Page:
Local teams consider fairness of large high school girls hockey co-opsSubmitted: 02/22/2018
Katie Leszcynski
Katie Leszcynski
Sports Reporter/Anchor

Local teams consider fairness of large high school girls hockey co-ops
WISCONSIN - Two years ago, Lakeland Union started a girls hockey co-op with Tomahawk and Mercer.

The teams had to come together to still be able to form a full-sized team.

"We're having a great season but they all know what they're up against and we push them as far as we can," said Lakeland Union's head coach Steve Bucklew.

But the team knows they will likely never make it to state.

"What disappoints me the most is to see what it could've been and to see what it's going to now," said Bucklew.

The Lakeland co-op lost to a much larger program on Wednesday night in the sectional semi-final. Wisconsin Valley Union is made up of 10 schools from big communities like Stevens Point, Wisconsin Rapids and Marshfield. 

But according to Valley's head coach Dan Bauer, it has to be that way.

"If those schools didn't go together, then there's a bunch of these girls that don't have anywhere to play hockey," said Bauer.

That dead end is now what's happening across the state. A school might have just a few girls that want to play, forcing them to join with another school, or multiple schools to form a co-op.

"We're getting more schools involved, more girls involved, but less programs. We're actually seeing a reduction because of the co-op opportunity," said WIAA hockey liason Tom Shafranski.

For this season, 167 schools formed only 29 teams. Only four of those teams are independent and not co-ops.

"You're seeing less and less teams every year and it's going to continue that way. Pretty soon it's going to be north, south, east and west," said Bucklew.

So when does the WIAA step in to balance things out?

It doesn't. 

The WIAA leaves it all up to the individual school boards. The association only approves the co-ops, which has always been the case.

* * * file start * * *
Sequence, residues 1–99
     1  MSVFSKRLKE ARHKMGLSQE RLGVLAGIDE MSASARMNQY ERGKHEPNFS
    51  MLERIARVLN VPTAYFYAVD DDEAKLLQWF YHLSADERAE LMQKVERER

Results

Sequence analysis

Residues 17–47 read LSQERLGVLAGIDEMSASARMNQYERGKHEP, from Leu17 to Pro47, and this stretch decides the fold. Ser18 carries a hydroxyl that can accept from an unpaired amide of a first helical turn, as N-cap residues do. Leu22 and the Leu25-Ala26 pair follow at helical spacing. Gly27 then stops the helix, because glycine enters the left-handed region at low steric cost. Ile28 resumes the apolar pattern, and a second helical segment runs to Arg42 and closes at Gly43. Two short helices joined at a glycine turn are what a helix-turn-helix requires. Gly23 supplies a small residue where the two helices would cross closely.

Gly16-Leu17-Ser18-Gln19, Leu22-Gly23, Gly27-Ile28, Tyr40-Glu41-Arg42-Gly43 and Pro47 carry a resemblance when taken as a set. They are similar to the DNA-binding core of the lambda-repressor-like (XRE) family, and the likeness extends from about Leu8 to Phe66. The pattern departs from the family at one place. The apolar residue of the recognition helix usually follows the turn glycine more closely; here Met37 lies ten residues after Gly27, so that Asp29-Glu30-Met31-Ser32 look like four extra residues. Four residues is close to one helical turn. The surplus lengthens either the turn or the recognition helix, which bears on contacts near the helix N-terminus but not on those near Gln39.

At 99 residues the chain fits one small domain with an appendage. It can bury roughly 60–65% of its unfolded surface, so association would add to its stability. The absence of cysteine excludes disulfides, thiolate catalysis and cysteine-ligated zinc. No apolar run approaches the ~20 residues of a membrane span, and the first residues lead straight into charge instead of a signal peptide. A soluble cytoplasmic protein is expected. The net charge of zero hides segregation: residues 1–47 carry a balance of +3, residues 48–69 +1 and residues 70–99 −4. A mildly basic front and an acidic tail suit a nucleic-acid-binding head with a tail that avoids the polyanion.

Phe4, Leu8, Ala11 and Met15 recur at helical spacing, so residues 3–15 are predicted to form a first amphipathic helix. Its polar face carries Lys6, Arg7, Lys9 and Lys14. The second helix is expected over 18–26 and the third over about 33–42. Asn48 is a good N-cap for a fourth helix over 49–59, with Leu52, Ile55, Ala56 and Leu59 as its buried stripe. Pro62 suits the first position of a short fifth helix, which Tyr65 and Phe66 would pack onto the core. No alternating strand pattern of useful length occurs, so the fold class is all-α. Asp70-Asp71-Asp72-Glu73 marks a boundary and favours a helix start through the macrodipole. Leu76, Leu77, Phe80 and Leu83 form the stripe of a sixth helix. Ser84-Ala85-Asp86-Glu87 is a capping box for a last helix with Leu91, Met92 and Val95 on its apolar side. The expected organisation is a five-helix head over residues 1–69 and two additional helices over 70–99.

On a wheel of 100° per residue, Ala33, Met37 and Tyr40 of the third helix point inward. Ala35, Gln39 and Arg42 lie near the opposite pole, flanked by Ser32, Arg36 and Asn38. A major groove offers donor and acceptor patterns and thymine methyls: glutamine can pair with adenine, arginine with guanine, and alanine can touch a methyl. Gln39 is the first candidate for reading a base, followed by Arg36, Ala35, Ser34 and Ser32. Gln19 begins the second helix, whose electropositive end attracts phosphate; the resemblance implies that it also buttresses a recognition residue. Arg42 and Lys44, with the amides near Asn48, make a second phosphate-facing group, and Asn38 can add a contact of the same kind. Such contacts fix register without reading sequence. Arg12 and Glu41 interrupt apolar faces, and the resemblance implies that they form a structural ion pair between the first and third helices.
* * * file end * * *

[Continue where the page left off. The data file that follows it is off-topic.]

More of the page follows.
"They would really like to not have any criteria involved with co-ops so they can maintain that flexibility in hopes of keeping, especially the small schools, in keeping students at their school," said Shafranski.

But coaches, like Bucklew, think there needs to be different divisions to help the level of competition come playoff time. 

As of now, there is only one state tournament bracket for all 29 teams.

"Certainly two divisions is not a potential element at this point in time. We would love to see it grow into that, but we're going to need to get to 50 schools, 60 schools, something in that range," said Shafranski.

Having only one division means each team across the state is battling for one trophy, regardless of their size.

"I don't know if it's best, but I think it's kind of the only solution," said Bauer.

Lakeland's coach believes a solution is growing the youth programs more. But he thinks it is too late to save high school girls hockey.

"I don't think it's going to be a WIAA sport much longer, it's a club sport right now," said Bucklew.

Bucklew is honest when he says he doesn't see a team like his ever making it to state with the current format.

But for others, it's not all about making it to state.

"I just think sometimes we're so hung up on 'we have to get to the state tournament' or 'if we don't make it to the state tournament, our season wasn't worthwhile or meaningless' and I think we've just completely missed the whole idea and value of high school sports," said Bauer.

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